What I liked about the Pixel 2.4GHz Digital Wireless Remote:
- Easy to mount the remote to the camera (if you buy the extra screws listed above)
- Uses standard batteries
- Receiver blinks to indicate it is turned on
- Both transmitter and receiver provide visual feedback that a trigger occured
- Nice form factor, easy to hold transmitter in your hand
- Supports multiple codes so you can use several in close proximity without causing false triggers
What could be better:
- The slide switch on the transmitter, which allows selecting between single trigger, multi-trigger, and delayed trigger, is very flimsy. I would likely take a hot glue gun and fix the slider to the single trigger setting.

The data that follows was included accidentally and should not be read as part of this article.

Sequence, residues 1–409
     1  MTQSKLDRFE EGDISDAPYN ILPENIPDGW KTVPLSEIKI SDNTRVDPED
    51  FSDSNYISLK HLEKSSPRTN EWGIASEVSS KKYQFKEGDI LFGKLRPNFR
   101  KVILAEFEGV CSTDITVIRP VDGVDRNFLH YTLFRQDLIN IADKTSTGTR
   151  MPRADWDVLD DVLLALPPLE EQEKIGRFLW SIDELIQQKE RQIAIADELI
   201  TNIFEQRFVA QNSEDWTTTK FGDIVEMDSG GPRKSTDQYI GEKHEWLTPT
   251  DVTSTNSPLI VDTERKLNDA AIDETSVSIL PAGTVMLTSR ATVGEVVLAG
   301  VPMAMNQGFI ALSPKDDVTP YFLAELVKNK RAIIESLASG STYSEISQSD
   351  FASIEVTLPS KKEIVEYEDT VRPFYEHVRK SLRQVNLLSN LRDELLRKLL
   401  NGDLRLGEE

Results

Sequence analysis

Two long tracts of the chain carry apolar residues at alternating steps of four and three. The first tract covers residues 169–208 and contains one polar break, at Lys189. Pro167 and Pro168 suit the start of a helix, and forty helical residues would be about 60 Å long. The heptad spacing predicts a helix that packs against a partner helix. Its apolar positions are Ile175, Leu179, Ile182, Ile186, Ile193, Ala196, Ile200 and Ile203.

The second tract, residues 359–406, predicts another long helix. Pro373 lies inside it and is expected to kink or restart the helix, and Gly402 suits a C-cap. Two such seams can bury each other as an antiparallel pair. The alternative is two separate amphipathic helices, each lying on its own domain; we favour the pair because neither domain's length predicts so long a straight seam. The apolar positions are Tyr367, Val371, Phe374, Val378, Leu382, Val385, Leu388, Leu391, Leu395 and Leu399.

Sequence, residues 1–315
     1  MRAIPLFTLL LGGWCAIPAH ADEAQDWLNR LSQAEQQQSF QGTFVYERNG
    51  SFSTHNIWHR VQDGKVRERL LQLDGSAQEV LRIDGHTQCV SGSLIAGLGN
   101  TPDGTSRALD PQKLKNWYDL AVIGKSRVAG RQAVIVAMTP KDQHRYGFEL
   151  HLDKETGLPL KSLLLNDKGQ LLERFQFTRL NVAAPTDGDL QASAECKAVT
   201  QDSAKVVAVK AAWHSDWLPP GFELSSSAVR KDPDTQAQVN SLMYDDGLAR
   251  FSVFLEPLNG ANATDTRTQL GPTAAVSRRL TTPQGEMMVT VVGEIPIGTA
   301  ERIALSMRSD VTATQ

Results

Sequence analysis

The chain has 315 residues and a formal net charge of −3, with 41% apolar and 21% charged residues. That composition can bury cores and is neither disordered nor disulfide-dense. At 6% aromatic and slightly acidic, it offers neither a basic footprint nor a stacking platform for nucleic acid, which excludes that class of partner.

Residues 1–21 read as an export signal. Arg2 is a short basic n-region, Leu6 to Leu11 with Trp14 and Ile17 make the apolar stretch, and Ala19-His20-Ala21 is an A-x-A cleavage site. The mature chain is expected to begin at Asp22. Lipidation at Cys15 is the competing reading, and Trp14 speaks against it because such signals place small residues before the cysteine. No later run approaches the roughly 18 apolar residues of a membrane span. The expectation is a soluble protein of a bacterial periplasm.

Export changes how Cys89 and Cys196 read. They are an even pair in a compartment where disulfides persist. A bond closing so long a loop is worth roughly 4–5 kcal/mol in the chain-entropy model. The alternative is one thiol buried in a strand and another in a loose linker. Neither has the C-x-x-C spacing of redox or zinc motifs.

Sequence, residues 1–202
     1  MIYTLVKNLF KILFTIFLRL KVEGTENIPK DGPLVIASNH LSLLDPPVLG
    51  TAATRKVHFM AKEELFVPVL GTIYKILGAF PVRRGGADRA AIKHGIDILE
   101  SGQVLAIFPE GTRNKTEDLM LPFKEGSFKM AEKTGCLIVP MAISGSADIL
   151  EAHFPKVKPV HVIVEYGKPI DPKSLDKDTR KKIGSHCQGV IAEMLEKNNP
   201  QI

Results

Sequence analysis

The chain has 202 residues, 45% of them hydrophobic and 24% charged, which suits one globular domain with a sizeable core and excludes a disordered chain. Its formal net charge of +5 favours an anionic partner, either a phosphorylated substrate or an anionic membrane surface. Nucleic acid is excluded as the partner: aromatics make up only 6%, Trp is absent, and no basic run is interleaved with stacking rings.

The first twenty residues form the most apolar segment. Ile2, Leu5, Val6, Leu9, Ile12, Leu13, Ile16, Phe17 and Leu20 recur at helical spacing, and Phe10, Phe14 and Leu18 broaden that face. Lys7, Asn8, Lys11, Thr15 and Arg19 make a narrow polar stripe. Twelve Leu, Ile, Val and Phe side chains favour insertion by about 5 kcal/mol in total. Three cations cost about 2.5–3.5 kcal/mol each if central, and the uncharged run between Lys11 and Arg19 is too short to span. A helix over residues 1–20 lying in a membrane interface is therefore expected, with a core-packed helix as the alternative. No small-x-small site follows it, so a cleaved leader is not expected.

- Transmitter doesn't have an on/off switch. When put away, if anything is pressing against the button, the batteries will go dead.
Long range wireless trigger
We haven't tried these personally, but a customer has and liked the performance.
External switch trigger
An external switch trigger comes with the camera. The external switch trigger is very similar to the multi-function button, but with the ease of switch location. For example, when I was taking a high speed video while welding, I held the stick welder handle in one hand and the external switch trigger in the other.
Contact closure trigger
Any contact closure will do to trigger the camera via the external trigger jack. Many of our customers have semi-permanent installations with a pair of wires daisy chained to the cameras to trigger them all simultaneously with a contact closure.